Jet lag can easily occur when we travel far away destinations and across several time zones. Jet lag is the body’s signal that our circadian rhythm has been disrupted, as we are all equipped with an inner genetic clock that tells us when we should sleep or stay awake. Jet lag is the term for the discomfort we experience when the body’s rhythm has to adapt to a new time zone.
Does jet lag affect people differently?
Just how strongly jet lag affects us differs from person to person. “B” people usually get less jet lag, because their circadian rhythm is slightly longer than 24 hours. That is why it is easier for “B” people to extend the day, which is exactly what happens when we travel westward. Many people find that the older they get, the more they suffer from jet lag as well. People over the age of 50 find it more difficult to avoid jet lag.
How long does jet lag last?
When you cross more than 4 time zones on your trip, this increases the likelihood of jet lag. A rule of thumb says that jet lag lasts 1 day for each time zone you have crossed. In the worst case scenario jet lag can last up to 2-3 weeks before your circadian rhythm re-synchronises to the local time. This is more the case if you are travelling from New Zealand to the UK for example.
What are the symptoms of jet lag?
Jet lag can result in a few lousy symptoms. Shifts in your circadian rhythm can make you less productive on business trips, and you might even find yourself making mistakes. Jet lag can also mean that, as a tourist, you get less pleasure from the first few days of your holiday.
Symptoms of jet lag are often a poor night’s sleep, crippling fatigue, insomnia, irritation, indigestion, uneasiness, and nausea. Jet lag can even make you feel as if you have a blood alcohol level of 0.5%-0.6%. But it isn't a blood alcohol level that can be traced or measured.
5 ways to avoid jet lag
You can minimise jet lag by following the 5 small adjustments:
- Set your watch to the local time zone of your destination, as soon as you board the plane. This will help you adapt to the new circadian rhythm as soon as possible. Learn also how to sleep on a plane better
- Make sure you get plenty of fluids. A lack of fluids can lead to symptoms of jet lag. Avoid alcohol and caffeine for 3-4 hours before sleeping. They contribute to dehydration and their stimulating effect can make it harder to fall asleep
- Bring earplugs and an eye mask to prevent sound and light from disturbing your need for sleep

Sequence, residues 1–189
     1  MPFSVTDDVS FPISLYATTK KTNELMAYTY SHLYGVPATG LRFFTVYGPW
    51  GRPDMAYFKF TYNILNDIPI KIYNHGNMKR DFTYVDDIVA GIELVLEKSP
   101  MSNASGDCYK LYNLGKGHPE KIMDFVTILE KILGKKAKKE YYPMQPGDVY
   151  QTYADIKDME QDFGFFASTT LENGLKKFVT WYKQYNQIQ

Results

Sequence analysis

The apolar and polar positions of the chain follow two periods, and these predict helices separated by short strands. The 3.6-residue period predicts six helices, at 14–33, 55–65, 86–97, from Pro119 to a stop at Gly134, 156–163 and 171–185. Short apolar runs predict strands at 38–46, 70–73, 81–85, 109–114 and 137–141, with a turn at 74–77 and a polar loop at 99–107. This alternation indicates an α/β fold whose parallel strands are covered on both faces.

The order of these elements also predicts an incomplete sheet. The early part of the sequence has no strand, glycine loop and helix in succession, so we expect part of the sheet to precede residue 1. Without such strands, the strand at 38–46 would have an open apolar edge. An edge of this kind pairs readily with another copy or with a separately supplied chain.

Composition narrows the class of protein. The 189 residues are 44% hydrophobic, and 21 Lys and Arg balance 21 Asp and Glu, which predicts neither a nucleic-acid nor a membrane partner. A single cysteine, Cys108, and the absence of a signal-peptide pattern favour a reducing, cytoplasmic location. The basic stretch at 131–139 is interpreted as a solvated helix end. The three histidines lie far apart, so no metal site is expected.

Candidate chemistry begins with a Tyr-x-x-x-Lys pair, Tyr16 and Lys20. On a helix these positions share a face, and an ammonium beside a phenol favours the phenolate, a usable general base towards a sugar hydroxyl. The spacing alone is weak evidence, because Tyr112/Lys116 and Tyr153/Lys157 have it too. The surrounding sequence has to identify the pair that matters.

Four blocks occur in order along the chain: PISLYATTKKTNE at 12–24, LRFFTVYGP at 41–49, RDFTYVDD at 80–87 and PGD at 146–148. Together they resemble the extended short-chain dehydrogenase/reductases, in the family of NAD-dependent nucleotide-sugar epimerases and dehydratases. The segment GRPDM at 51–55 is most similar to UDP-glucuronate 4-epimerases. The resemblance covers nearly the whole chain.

- Stay out in daylight as much as possible when you first arrive. This helps to regulate your inner clock
- Follow the local circadian rhythm in terms of meal times and bed times. Stay awake even when you feel tired, and do not go to bed before 9.00 pm local time
- If you're going on a particularly long journey, it's a good idea to even prepare for the new circadian rhythm a couple of days before you travel by going to bed later or earlier.
Does the travel direction affect causes of jet lag?
There are various kinds of jet lag. The severity of the symptoms can depend on the direction in which you are travelling. When you travel north or south, you will rarely experience jet lag. However, if you travel eastward or westward, there are special precautions you can take to avoid jet lag.
Travelling eastward results in most jet lag
Travelling eastward involves a greater chance of jet lag, regardless of whether you are on a return or outward journey. When we travel eastward, we lose hours and this hastens the moment when it is time to sleep. This is why it's a good idea to sleep and stay awake until normal bedtime in your new destination.
Mild jet lag when travelling westward
Travelling westward usually results in a milder form of jet lag. This is because the body finds it easier to extend its circadian rhythm when we travel in the same direction as sunlight. In this situation, the trick is to not sleep on the plane and to not go to bed at the destination until the locals go to bed. This will extend your day. You may be very tired during the final hours of the day, but next morning your circadian rhythm will already be more or less normal.
Do you have any tips on how your avoid jet lag? If so, please share in the comment box below.
- National Sleep Foundation: https://sleepfoundation.org/sleep-topics/jet-lag-and-sleep
- Sleep Education: http://www.sleepeducation.org/essentials-in-sleep/jet-lag
- American Sleep Association: https://www.sleepassociation.org/patients-general-public/jet-lag-2/